The team ended the campaign eighth in the constructors' championship, mirroring its debut season effort, though concedes it was much tougher going the second time around.
“In our first season, we were extremely lucky to do as well as we did because in the second year there were a lot of races that we just felt lost,” admitted Haas.
“You would think that in the second year we would've been better at that, but I felt that we were actually worse and it became more obvious about what we had to do to find what we were missing.”
A contracted midfield pack added to the stress felt by the team, which saw Renault in sixth just 10 points ahead of Haas in the final standings, despite Haas scoring 18 points more than it had the previous season.
“In the second year, we understood a lot more in terms of what we were missing, and it became obvious mid-year that our cars just weren't fast enough to really be competitive,” said Haas.
“Some tracks they were quick, but other tracks they weren't, and the question was, ‘Why did that occur?' and ‘What are we going to do about that in the future?', and that's really a big pivot point for us going forward – how to solve those issues.”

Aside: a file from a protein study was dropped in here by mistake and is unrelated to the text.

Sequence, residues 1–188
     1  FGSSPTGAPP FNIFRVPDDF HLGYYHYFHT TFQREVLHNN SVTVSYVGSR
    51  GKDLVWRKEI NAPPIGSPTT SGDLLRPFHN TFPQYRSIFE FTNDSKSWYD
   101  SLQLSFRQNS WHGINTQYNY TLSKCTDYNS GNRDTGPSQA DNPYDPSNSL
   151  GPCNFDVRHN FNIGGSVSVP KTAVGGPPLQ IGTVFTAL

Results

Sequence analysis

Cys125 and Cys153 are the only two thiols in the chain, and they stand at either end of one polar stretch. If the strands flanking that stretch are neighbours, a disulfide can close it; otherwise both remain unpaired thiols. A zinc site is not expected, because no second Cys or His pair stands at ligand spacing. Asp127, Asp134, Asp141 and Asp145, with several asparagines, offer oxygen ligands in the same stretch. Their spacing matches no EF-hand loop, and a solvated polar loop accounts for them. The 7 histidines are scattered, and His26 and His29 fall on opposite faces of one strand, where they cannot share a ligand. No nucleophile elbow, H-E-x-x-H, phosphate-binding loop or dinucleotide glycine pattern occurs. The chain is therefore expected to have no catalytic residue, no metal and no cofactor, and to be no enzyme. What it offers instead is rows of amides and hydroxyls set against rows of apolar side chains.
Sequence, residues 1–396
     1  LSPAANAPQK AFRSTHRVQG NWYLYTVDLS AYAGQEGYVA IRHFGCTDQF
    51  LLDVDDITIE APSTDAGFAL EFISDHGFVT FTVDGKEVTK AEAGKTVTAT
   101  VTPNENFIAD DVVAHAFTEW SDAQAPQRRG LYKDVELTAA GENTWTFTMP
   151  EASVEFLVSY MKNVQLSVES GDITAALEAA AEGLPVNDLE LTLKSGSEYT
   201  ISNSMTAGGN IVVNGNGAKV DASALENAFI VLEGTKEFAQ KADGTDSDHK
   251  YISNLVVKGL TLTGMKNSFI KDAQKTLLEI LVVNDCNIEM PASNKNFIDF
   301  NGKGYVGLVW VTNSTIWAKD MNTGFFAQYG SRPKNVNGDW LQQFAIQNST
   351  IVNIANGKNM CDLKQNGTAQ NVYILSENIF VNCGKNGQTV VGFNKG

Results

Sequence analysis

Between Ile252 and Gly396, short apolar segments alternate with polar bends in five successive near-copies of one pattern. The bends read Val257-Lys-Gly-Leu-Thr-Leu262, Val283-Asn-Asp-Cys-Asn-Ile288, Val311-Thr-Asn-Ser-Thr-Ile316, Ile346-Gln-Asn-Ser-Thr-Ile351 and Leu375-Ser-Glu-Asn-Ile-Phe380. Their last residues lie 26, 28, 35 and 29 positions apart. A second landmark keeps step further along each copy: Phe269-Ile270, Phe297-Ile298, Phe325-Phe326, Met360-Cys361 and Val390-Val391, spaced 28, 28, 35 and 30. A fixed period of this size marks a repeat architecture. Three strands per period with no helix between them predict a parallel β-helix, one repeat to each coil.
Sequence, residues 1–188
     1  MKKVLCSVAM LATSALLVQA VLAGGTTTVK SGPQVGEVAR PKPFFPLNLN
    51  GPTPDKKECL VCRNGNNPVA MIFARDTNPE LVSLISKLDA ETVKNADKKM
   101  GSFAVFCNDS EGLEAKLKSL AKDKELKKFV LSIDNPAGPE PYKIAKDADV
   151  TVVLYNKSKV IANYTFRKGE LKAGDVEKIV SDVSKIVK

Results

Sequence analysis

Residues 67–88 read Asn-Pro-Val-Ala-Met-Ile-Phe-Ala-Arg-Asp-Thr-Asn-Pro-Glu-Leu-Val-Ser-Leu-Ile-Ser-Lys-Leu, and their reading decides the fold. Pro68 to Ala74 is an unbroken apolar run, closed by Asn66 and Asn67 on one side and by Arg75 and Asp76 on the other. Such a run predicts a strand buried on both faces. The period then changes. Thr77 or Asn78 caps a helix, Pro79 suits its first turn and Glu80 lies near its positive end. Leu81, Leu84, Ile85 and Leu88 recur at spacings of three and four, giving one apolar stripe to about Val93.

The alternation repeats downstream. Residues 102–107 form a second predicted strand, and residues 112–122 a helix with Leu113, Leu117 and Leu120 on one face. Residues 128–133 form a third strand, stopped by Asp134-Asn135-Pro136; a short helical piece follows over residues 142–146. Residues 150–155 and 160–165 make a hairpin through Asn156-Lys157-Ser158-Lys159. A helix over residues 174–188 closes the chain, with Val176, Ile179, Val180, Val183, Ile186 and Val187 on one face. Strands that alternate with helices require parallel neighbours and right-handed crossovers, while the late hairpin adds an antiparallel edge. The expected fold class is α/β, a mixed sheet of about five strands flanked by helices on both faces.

Key among them is tyre management, with Haas suggesting a better understanding of the tyres and their impact on the car will be a significant factor heading into season 2018.
“If you get the tyres a few degrees out of their window, the tyres can almost change completely, and then once they are out of their window, how do you get them back in their window?,” he quizzed.
“The bigger teams are very aware of those issues and they spend a huge amount of their effort and time making sure those tyres are where they need to be.
“Tyres are the toughest issue we have because you have to keep the tyres in a certain temperature range, but how you keep the tyres in that temperature range is how you handle your downforce and your drag and how you handle sliding the tyres,” he added.
“The tyres are very sensitive to downforce, overheating and sliding, but in order to get the tyres right you have to have the right chassis and the right aero.
“Without all of that working right, the cars become very difficult for the drivers and you can't expect them to make up for a car that just doesn't have the capability of holding the track.”
A technical alliance with Ferrari sees Haas rely heavily on the Italian team for its mechanical components, an arrangement that is set to continue this year.
Haas is also the only team which has not yet confirmed its 2018 launch date, despite the opening test of the season getting underway late next week, after Red Bull confirmed its plans yesterday.
The four-day test at Barcelona is the first of only two such opportunities for teams to get on track ahead of the opening round of the season in Melbourne, on March 22-25.